Turkish Cypriots took to the streets last week to protest against the establishment of a Youth and Sports Coordination Office, which it seems will be run by officials from Turkey. As the Cyprus Weekly has been reporting, there is concern that the establishment of this office is the beginning of cultural “assimilation” by those who are more socially conservative and religious than the average Turkish Cypriot. It is also being read in some quarters as preparations for an annexation of northern Cyprus by Turkey if the Cyprus problem is not solved in the coming months.
The new office came as part of the financial protocol: the agreement which the Turkish Cypriots sign with Turkey every three years and which includes the grants and loans which Turkey subsidises the northern Cypriot economy.
A late draft of the protocol for 2016-18 shows total Turkish support at TL 4.2 billion (€1.3 billion) for the period 2016-18, or about €424m per year on average. Of the TL 4.2bn total, just under half is for budgetary support, while just over half is in the form of loans for infrastructure improvements.
The budget for 2016-18 is rather higher than in 2013-15, when the Turkish government spent TL 2.8bn (€862m at today’s exchange rates).
I do not speak Turkish, but the Google-translated text in the first few pages makes it clear that Turkey wants to see “a comprehensive reform programme”, and wants the Turkish Cypriots to “stand on their own two feet”. The targets include privatisation of electricity and the ports.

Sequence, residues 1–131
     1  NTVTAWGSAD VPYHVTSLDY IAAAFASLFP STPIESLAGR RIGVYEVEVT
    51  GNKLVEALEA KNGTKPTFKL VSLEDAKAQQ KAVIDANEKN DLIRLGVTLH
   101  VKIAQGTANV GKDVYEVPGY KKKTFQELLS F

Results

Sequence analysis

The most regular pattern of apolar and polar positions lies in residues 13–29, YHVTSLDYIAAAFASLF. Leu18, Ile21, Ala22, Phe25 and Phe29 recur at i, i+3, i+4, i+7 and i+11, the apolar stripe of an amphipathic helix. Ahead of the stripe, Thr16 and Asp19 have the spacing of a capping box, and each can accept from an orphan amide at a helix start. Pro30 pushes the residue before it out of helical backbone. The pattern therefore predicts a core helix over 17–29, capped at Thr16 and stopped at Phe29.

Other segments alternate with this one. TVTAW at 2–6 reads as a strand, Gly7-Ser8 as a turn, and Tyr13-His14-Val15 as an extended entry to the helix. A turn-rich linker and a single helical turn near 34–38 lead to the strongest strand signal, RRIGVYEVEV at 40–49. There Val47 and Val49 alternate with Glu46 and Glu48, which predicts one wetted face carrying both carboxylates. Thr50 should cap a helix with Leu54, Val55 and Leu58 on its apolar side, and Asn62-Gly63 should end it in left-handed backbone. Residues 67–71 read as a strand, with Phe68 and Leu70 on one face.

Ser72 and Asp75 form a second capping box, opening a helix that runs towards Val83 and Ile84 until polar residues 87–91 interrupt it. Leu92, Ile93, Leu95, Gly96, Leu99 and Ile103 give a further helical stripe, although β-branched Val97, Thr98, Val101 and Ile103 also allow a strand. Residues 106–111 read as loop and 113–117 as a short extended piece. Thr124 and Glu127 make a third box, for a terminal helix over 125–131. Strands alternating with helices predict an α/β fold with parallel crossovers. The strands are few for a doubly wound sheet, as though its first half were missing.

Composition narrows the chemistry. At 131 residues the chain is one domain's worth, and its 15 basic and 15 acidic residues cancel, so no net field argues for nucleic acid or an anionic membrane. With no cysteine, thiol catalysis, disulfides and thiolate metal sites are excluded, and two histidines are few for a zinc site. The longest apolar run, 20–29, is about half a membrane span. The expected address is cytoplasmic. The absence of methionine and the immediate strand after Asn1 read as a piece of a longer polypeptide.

The protocol includes a whole raft of tables and targets that reminded me of the Republic of Cyprus bailout programme commitments, or earlier report pledges to the European Commission when the country was preparing for EU accession.
Independence good for a united Cyprus
If the long-term aim is financial independence from Turkey, then that can only be a good thing.
At the moment, Turkish Cypriots have little leeway with Turkey. If Turkey wants a Youth and Culture Office, there is little those in power can do to stop it, given that they depend on Turkey to pay wages and salaries.
However, if the tax system helped rather than hindered private enterprise, if the public servants did not enjoy enviable salaries and perks, then revenue could match expenditure and Turkish Cypriots would be on firmer ground the next time the Turkey demanded something they did not like.
The same goes for relations with Greek Cypriots in a future united federal Cyprus. The traditional theory of federal models is that the richer part should subsidise the poorer part to stop them breaking away.
However, times have changed. Look at the troubles of the eurozone and the arguments about EU budget in the run-up to the UK referendum: it is clear that taxpayers today deeply resent subsidising others.
If you can pay your own way, on the other hand, you get a lot more respect. Achieving financial independence could therefore bring an enormous boost to Turkish Cypriot confidence and help cement a united Cyprus in the process.